In 2015, Congress amended the Telephone Consumer Protection Act to create an exemption to the statute’s autodialer restrictions for calls made solely to collect a debt owed to or guaranteed by the United States.  On March 31, the United States District Court for the Northern District of California gave this amendment retroactive effect, to the benefit of debt collectors.

In Silver v. Pennsylvania Higher Education Assistance Agency, the plaintiff brought claims under the TCPA against the defendant for alleged calls placed in January of 2014 to collect on federally funded student loan debt.  The plaintiff brought his class action complaint the following month, in February 2014.  In response, the defendant filed an early motion for summary judgment.

The defendant argued that the TCPA’s amendment applied retroactively to calls that occurred before the date of the amendment.  The plaintiff countered, arguing that the amendment requires the Federal Communications Commission to issue implementing regulations, and that the amendment does not apply until those regulations take effect.  The court sided with the defendant.  According to the court, the TCPA’s amendment is silent on retroactivity.  Given this silence, the Court applied the Supreme Court’s test in Landgraf and determined that there was no bar to retroactive application.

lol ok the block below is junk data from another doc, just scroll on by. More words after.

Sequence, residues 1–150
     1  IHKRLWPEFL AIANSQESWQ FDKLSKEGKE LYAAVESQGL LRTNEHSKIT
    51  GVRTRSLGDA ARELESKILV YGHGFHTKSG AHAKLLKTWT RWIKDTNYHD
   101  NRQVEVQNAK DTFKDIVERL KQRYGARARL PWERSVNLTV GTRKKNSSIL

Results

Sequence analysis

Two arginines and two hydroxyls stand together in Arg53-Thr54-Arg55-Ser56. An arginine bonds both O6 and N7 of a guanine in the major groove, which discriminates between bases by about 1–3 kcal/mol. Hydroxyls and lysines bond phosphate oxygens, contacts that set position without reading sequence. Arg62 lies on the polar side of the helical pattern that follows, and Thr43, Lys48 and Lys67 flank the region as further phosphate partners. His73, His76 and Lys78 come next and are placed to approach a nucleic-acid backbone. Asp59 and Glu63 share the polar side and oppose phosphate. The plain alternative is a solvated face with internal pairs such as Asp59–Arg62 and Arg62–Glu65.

Ultimately, the Court concluded that retroactive “application of the TCPA amendment would further Congress’s intent to allow telephone calls to be placed in the furtherance of collecting debts owed to or guaranteed by the United States.”  As a result, it determined that the amendment applied to calls placed prior to the amendment and granted the defendant’s motion for summary judgment.